This time while I was creating this line based cabinet family (and after letting the dimension be deleted during the error/warning stage) the middle cabinet disappears...There is actually a good reason for that and I eluded to it earlier, way back in step #3... Even if you don't care to go back and look here is the 'fix'.
Step Whatever): Edit one of the Array Groups and select the cabinet and click the Properties button:
When you get down into it's Type Parameters look for the Width parameter and click the tiny little = (equal) button...(Actually I think Autodesk tried to hide that = button from us :-))
Now set that equivalence of the Length parameter to CABINET SPACING.
Now everything seems to work brilliantly!!!
So we can load it into a project and input them via the Component command.
One final note: We may (actually we do!!!) want to go to SETTINGS/FAMILY CATEGORY AND PARAMETERS...:
and set (unless we previously set this) Line Based Families' "Family Category to be Casework, like below... But if not we can do it anytime and then reload!!!
This goes for exposing materials, etc., etc., ...
NOW FOR THAT TRELLIS:
I am only including the text of it since the step-by-step takes about an hour to demonstrate live (with talking :-)) and with screen captures added would take me a lot longer and enough is enough for tonight!!! Also note that the trellis recipe may require some interpretation, since it is purely a copy/paste of my personal notes, for demonstration purposes (By the way, this Demo kicked some ass and opened some eyes at the LA RUG meeting in July where I presented it for the more than 100 Rev-Heads in attendance). The reason that I say all this is that the directions are (mostly) in exact order, yet may possibly be in need of connecting some dots... In any case I hope those directions help and well, I am confident that they will, but if you need help just drop me a comment and I'll help you out further. See you soon!!! -J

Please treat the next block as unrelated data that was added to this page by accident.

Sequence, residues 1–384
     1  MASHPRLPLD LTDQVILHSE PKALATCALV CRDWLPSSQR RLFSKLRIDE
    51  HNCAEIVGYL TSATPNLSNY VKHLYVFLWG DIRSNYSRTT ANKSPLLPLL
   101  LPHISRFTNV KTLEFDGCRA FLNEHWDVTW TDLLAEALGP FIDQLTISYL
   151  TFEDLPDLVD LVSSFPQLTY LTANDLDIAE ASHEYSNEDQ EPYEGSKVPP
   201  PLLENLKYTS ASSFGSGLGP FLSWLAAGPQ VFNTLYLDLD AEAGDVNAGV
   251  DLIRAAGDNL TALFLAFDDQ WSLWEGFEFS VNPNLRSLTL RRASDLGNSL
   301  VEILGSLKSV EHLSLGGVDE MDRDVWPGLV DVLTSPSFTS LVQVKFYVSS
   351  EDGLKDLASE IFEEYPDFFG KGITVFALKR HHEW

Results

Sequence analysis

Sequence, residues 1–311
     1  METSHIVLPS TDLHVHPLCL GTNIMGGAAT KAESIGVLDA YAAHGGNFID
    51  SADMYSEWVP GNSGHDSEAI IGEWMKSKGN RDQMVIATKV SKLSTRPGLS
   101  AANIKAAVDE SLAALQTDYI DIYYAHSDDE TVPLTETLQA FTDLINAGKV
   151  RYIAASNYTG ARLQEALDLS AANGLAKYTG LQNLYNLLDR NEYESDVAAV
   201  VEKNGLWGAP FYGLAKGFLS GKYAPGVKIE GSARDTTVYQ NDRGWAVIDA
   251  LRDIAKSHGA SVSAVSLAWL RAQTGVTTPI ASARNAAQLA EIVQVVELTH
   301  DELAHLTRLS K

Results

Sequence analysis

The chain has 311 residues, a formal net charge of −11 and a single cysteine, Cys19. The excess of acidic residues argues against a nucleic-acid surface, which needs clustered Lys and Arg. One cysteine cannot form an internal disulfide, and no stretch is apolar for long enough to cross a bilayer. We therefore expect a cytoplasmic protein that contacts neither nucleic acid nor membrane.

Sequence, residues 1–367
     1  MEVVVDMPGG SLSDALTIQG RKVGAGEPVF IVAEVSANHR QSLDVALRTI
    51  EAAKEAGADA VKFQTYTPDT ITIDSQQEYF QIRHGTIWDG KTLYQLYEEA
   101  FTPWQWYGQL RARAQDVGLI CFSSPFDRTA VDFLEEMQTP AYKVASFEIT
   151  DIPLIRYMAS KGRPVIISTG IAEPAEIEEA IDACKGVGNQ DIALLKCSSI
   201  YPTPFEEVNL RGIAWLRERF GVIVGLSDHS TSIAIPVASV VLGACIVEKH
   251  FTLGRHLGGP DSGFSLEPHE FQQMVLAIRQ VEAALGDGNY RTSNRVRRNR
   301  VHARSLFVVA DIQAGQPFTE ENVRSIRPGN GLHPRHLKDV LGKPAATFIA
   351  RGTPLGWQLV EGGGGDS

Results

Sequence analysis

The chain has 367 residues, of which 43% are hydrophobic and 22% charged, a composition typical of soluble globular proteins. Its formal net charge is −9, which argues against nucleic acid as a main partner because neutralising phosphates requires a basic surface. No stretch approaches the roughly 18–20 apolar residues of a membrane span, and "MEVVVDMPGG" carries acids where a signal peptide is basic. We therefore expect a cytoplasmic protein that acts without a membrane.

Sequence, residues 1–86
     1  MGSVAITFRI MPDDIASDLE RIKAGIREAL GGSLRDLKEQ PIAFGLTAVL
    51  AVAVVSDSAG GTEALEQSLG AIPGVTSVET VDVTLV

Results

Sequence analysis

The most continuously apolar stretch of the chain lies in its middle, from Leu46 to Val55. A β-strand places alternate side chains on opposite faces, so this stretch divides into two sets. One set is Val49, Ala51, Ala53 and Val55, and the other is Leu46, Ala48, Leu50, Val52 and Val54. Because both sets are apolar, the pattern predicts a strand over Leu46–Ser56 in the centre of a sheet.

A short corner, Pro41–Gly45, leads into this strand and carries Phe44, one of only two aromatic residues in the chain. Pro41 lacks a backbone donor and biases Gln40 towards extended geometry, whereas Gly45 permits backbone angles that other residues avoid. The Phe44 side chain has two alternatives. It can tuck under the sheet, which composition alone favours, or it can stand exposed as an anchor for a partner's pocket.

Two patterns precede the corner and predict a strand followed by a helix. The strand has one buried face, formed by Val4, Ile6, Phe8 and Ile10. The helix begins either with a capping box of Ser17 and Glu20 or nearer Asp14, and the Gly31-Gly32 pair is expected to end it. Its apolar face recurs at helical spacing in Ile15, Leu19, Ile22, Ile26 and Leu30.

1) New Family “Generic Model” (Square Column)
2) Create Shared Parameters: Type, Other (faster for this demo)
a. B Wd (B = Beam, C = Column, etc.)
b. B Ht
c. B Lng
d. C Wd
e. C Dp
f. C Top
3) Create Square Colum
a. Use the 3 shared Parameters: C Wd, C Dp, C Top
4) Create Round Column (Save As ???)
a. Use the 3 shared Parameters and Add:
b. C Rad (Make this equal the following formula)
i. = C Wd / 2
a. B Wd =
b. B Ht = C Top+1.5
c. B Lng =
d. C Wd =
e. C Dp =
f. C Top =
6) New Family “Generic Model”
7) Create Beam
a. Use the 3 shared Parameters: B Wd, B Ht, B Lng
8) New Family “Generic Line Based”
a. Make Length 8’-0”
9) Insert Beam Perpendicularly to length line, Place it and Lock.
10) Copy it to the opposite end & Lock.
11) Add & Place Columns
12) Create a ‘Family Types’ Instance Parameter: Column Type and choose Generic Models. (or change column & beam families to their actual category and use those here)
a. Select all columns and set them to have the parameter Column Type.
13) Array 1st beam 2’-0”: Group & Associate, Move to 2nd, Constrain.
a. Select the Arrayed Beam and select the Array Control Line and add a Parameter: “Number of Beams”, Constraints, Instance and OK.
14) Dimension the 1st & 2nd Beams
a. Make it the Parameter “Beam Spacing”, Constraints, Instance and OK.
15) GoTo Family Types and add the following Parameter:
a. “Maximum Beam Spacing” , Constraints, Common, Length, Type OK in this dialog, then APPLY at the next; (Not OK…we want to stay in this dialog for a minute).
16) Make the Parameters the following Formulas:
a. Maximum Beam Spacing = 4’-0”
b. Number of Beams = Length / Maximum Beam Spacing
c. Beam Spacing = Length / Number of BeamsFunctional Families Rule!!!